At this point, we made the decision to not put up the 70cm equipment. The box containing this gear was the last one to be helicoptered to the island, so we had no chance to unpack and prepare anything. Given the poor weather and awful snow surface conditions, we had to be careful to be sure we could disassemble everything and be ready to leave in the appropriate amount of time. After a lot of discussion with the team leaders, we reluctantly left the 70cm equipment in its shipping container. Bear in mind when considering this that PA5M and myself were also trying to contribute to the total of HF QSOs, and moonbounce was an additional activity, albeit an important one.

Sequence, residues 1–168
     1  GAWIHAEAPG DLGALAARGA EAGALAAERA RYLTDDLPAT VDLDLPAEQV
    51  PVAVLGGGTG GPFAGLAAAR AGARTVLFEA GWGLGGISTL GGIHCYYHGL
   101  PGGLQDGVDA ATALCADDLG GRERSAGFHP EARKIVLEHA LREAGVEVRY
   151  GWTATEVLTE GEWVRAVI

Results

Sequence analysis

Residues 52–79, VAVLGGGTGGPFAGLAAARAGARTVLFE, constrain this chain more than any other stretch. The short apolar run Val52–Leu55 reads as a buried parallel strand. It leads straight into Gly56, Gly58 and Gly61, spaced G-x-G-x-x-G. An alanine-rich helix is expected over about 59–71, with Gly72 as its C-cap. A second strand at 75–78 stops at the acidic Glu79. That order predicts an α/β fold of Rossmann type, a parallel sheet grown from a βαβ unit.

For the middle part of the operations we existed on short “cat naps” of less than 2 hours, randomly distributed and very confusing for body clocks. Any spare time was spent trying to resolve the interference issues and make the stations work better. Mike single-handedly dragged another generator around to provide “isolated” power for the charger, and this helped a lot in terms of keeping our battery voltage up. I took the charger and added an impressive quantity of ferrites on the input and output wiring. We put both our batteries in parallel and coiled all the wiring up to provide additional “chokes”. Toward the end, with these measures, the battery was just able to hold its own, and this is reflected in our increasing QSO totals. In some cases we were forced to go “barefoot”, and with 130 feet of coax, this was only possible with bigger stations, and required considerable patience on both ends.